Friday, 16 November 2012

Nepenthes and scientific truth

By Miguel Franco

We all love David Attenborough’s programmes. An investigation by Philip Jones (! ), a masters student at Oxford University who graduated in 2011, found that natural history programmes in general, and David Attenborough’s in particular, have played a crucial role in students opting for degrees in ecology and biodiversity conservation.  The subject of yesterday’s news ( was about what David Attenborough has learned from a life devoted to natural history documentaries. I do not need to emphasize his amazing contribution. What I wish to refer to is a flawed, currently peddled view on the nature of scientific truth with which the news concludes.

The news highlighted the case of a tree-shrew found dead inside a specimen of the pitcher plant Nepenthes rajah in Borneo in the 1990’s, with the inference that the plant ate small mammals as part of its diet. David Attenborough recounted this story in the series The Secret Life of Plants, but fifteen years later the story turned out to be not only wrong, but incredibly more interesting and beautiful. The development of the pitcher itself is another beauty: You can witness an experimental test of the idea that small mammals can drown in a pitcher plant here There are several flaws in the way this story is portrayed, and I am sure you can spot these flaws yourselves. What worries me is the reporter’s non-sequitur conclusion in this piece of otherwise well presented, engaging news: “What we know now could be considered ridiculous, old-fashioned or basic in another 60 years…”

This panders to the idea that scientific truth is transitory. It is not the case that shrew-eating Nepenthes was true and now it isn’t.  Try applying this to Magellan, or Plymothian Drake (alright, “Tavistockian”, if you insist), returning to Europe after circumnavigating the Globe, with the period’s BBC-equivalent declaring: “the Earth may look round today, but in 60 years this may be considered ridiculous…” Scientific truth—all truth, in fact—is not transitory. The media and groups identified with flawed ideologies relish in portraying science as “just another possible explanation”, i.e., on a par with unfalsifiable hypotheses.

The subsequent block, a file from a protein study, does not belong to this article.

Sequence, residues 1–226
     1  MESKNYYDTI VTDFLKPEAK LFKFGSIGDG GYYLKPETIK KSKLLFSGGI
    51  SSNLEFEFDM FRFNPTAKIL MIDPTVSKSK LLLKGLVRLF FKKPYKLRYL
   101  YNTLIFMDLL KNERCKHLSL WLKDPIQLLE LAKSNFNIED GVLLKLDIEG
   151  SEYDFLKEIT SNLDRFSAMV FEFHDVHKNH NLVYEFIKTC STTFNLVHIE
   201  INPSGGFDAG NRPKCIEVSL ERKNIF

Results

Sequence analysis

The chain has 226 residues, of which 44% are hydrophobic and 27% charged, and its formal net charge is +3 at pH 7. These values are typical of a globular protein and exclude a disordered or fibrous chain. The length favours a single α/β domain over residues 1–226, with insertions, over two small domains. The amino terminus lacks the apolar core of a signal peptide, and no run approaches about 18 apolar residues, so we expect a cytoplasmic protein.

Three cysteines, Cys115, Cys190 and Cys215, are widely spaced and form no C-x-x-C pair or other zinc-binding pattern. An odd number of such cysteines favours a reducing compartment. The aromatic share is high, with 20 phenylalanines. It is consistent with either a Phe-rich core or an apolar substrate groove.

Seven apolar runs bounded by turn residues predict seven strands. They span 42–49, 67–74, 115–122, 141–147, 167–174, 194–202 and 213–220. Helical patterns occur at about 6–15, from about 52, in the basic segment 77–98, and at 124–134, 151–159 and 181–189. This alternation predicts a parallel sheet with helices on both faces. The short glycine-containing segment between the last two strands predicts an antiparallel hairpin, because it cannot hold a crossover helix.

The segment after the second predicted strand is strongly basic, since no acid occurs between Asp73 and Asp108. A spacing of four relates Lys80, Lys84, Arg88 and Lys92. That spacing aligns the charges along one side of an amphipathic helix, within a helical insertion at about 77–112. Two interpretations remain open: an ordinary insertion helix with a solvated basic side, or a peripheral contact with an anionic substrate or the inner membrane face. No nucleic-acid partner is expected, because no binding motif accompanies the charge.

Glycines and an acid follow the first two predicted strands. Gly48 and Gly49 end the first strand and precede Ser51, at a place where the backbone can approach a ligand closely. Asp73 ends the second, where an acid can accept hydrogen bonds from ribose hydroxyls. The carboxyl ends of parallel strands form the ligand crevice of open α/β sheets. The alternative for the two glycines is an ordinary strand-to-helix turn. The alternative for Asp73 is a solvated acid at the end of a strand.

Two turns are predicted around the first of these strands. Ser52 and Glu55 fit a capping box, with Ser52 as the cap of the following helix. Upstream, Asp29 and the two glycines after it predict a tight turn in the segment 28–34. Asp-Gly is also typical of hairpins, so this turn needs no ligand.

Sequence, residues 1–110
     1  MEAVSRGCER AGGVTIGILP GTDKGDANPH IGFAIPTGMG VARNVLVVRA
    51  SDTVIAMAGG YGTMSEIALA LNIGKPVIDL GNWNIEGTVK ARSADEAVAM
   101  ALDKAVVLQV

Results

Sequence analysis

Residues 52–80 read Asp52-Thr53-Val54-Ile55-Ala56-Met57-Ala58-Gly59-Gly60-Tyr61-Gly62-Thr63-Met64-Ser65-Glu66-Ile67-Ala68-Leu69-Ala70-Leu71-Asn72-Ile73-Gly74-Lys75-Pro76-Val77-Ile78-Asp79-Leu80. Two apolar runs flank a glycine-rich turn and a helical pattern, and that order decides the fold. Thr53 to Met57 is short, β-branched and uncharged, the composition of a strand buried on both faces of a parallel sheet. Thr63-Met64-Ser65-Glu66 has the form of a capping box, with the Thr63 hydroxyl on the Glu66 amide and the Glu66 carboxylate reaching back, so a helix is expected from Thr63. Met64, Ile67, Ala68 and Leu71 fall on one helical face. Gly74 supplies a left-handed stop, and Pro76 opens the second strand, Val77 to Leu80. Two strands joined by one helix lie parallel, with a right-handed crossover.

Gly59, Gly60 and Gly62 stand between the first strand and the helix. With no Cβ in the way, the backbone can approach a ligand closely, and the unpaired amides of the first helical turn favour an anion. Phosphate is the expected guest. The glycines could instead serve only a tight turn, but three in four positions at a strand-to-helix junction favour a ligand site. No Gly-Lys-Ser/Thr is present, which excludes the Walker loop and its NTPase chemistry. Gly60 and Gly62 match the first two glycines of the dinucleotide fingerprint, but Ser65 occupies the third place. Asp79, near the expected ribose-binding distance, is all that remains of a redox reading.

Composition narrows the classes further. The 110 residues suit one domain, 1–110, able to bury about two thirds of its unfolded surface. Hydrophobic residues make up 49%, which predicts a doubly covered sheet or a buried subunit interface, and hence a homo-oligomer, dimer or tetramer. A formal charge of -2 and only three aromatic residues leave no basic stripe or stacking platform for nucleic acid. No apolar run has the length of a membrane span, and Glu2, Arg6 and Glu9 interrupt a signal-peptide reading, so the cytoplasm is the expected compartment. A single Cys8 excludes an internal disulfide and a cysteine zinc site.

The hypothesis, for it was nothing beyond this, that species of the genus Nepenthes could eat small mammals was never an established truth. Finding evidence that it is most likely wrong still does not prove it one way or the other, but provides significant evidence in one direction. More convincing evidence would be provided if one could quantify the lifetime diet of a large number of Nepenthes plants. Furthermore, one would also need to quantify the specific effects that different prey species would have on fitness, or at least on significant aspects of fitness, such as the provision of essential nutrients in quantities that would make a difference to survival and reproduction. Collecting this evidence is not a trivial enterprise.

The error in having assumed one thing based on one piece of dubious evidence in no way diminishes the importance of David Attenborough’s achievements. A mistake is easily done and, after all, this one is expertly corrected by David Attenborough himself. I thought it necessary, however, to point out the fallacy of using this example of honest approach to the truth as evidence that scientific truth is transitory. We can be pretty certain we will never know everything there is to know. Yet, although our understanding of natural phenomena varies with the complexity of the phenomena themselves and with the intellectual tools that we have developed to understand them (e.g., maths) there are truths whose understanding is such that they are utterly beyond doubt. Science strives to get to this point in everything there is to know.

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